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Gov. Whitmer on Budget that Puts Michiganders First Without Raising Taxes


September 22, 2021 



Gov. Whitmer on Budget that Puts Michiganders First Without Raising Taxes 

The bipartisan budget makes the largest one-time deposit into Michigan's rainy day fund and secures bold investments in postsecondary education, childcare, infrastructure, health care, and clean water 


LANSING, Mich.-Governor Gretchen Whitmer issued the following statement after the legislature passed a bipartisan budget that puts Michiganders first and makes game-changing investments in families, communities, and small businesses. The governor plans to sign the bipartisan budget into law before Fiscal Year 2022 begins on October 1. 


"Today, we came together to get things done for Michigan's families, communities, and small businesses. I've always said that I will work with anyone who wants to put Michiganders first. I am grateful to the legislature for working with me to deliver real change that will make a difference in people's lives.  


"The budget delivers on the kitchen-table economic issues that matter most to Michiganders. It builds on three programs-Michigan Reconnect, Futures for Frontliners, and Going Pro-that help workers get the skills they need to earn a good-paying, in-demand job. The budget will also include funds to fix nearly 100 crumbling bridges across Michigan, including the iconic Miller Road Bridge next to the Ford factory in Dearborn. We were able to get funding to expand no- or low-cost child care to 105,000 additional children, so that parents can go back to the workplace knowing their children are in good hands. The budget also contains significant dollars to replace lead service lines in Benton Harbor and beyond, continue addressing PFAS, clean up contaminated sites, repair aging dams, and make buildings more energy efficient. And we also put $500 million into Michigan's rainy day fund, which is the largest one-time deposit in state history. These dollars help ensure that Michigan is prepared for any future public health or economic crises.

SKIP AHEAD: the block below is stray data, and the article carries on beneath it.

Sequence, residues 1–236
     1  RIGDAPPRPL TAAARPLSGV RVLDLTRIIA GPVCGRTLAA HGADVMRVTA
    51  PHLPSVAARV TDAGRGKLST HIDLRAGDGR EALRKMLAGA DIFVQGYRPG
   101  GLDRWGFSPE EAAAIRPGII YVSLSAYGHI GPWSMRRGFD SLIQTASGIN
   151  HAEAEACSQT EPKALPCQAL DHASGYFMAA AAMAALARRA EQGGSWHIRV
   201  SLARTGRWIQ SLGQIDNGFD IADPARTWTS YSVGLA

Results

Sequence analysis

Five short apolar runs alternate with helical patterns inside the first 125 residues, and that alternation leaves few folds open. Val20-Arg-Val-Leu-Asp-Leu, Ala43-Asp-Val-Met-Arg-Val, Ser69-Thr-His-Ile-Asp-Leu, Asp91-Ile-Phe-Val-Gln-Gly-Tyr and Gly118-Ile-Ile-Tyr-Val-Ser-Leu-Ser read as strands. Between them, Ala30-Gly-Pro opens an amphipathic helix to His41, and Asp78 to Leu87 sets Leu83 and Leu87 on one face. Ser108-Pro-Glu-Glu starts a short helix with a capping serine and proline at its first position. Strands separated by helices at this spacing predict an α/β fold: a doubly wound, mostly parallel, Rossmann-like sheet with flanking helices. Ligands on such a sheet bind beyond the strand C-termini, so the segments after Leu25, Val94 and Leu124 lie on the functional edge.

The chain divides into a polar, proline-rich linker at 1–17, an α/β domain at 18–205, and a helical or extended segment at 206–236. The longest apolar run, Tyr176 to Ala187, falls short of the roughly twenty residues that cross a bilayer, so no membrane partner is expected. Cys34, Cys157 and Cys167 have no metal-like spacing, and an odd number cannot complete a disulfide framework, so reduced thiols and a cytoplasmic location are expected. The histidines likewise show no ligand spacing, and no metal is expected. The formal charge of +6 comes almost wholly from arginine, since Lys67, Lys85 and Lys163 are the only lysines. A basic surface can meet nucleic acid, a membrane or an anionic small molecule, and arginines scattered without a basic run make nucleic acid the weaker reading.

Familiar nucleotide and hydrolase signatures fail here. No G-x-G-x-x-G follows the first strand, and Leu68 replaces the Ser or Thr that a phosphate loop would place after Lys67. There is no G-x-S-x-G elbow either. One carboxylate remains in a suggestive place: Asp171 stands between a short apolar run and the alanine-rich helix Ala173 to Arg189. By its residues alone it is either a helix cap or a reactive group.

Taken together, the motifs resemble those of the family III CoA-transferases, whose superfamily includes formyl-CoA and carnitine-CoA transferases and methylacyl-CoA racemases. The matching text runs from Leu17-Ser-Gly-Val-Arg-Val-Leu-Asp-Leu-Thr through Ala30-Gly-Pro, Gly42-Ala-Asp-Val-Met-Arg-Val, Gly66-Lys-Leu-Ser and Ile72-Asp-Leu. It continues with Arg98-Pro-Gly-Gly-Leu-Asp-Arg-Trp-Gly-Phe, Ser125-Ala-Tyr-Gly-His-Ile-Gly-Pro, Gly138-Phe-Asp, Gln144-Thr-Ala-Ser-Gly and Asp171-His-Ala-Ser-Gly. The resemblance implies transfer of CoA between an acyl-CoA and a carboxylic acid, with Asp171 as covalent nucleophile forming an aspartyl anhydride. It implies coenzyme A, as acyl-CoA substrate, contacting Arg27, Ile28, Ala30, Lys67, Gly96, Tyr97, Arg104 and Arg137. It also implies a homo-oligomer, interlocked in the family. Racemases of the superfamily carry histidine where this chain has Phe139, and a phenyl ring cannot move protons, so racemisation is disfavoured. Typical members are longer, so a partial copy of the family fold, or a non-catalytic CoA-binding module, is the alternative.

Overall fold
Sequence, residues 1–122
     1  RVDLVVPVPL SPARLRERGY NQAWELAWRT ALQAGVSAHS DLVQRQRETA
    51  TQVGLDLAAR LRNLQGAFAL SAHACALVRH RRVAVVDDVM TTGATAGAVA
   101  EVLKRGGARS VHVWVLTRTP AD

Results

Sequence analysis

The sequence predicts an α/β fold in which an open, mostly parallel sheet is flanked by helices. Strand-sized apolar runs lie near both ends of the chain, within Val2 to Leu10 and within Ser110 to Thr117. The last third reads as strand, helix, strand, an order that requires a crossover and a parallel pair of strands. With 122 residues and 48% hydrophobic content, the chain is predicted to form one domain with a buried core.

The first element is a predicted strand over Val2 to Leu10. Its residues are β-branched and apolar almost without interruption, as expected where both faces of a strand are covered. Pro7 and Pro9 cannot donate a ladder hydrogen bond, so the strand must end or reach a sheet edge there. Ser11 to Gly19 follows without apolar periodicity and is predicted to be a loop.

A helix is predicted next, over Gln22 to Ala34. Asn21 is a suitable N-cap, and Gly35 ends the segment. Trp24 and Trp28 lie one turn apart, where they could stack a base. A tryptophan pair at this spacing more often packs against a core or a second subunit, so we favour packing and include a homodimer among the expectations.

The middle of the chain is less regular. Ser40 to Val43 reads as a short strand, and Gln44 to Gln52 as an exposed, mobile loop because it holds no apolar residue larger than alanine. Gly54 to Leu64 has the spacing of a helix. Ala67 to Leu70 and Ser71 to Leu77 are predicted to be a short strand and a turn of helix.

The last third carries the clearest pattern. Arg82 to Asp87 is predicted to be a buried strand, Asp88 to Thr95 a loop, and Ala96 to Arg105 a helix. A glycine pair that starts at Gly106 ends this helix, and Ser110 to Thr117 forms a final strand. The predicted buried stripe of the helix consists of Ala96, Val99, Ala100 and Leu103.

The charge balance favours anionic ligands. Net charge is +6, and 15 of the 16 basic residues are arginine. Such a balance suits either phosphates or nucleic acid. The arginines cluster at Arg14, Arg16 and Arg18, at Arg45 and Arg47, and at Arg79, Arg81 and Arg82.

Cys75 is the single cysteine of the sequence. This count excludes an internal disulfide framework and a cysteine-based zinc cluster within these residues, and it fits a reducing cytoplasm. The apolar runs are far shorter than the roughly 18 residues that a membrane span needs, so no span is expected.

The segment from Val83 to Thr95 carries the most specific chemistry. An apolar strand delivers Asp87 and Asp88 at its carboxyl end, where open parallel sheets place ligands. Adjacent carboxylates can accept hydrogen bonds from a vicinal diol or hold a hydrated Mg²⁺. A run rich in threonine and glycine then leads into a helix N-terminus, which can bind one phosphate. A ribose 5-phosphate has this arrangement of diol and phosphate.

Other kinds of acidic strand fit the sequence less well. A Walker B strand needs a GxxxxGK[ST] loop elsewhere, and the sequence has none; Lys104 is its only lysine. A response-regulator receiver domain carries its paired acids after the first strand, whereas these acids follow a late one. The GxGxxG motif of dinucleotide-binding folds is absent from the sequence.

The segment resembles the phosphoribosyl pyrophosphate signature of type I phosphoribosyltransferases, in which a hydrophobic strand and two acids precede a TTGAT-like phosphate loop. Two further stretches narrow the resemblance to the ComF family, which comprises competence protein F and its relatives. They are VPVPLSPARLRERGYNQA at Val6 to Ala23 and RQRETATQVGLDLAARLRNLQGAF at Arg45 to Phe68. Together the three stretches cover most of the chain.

"Today's budget agreement proves that Michiganders elected a divided government, not a dysfunctional one. When we focus on tackling the big problems we face, we can make meaningful progress that improves people's lives. As always, we will be conducting a thorough legal review of the legislation to ensure that all provisions in the budget are constitutional to take action to fix the pieces that aren't. Now, with the budget out of the way, we can further collaborate to invest the billions in federal dollars we have received from the American Rescue Plan and the billions more we are expected to receive from the bipartisan infrastructure bill. I look forward to continuing to work with anyone, for everyone."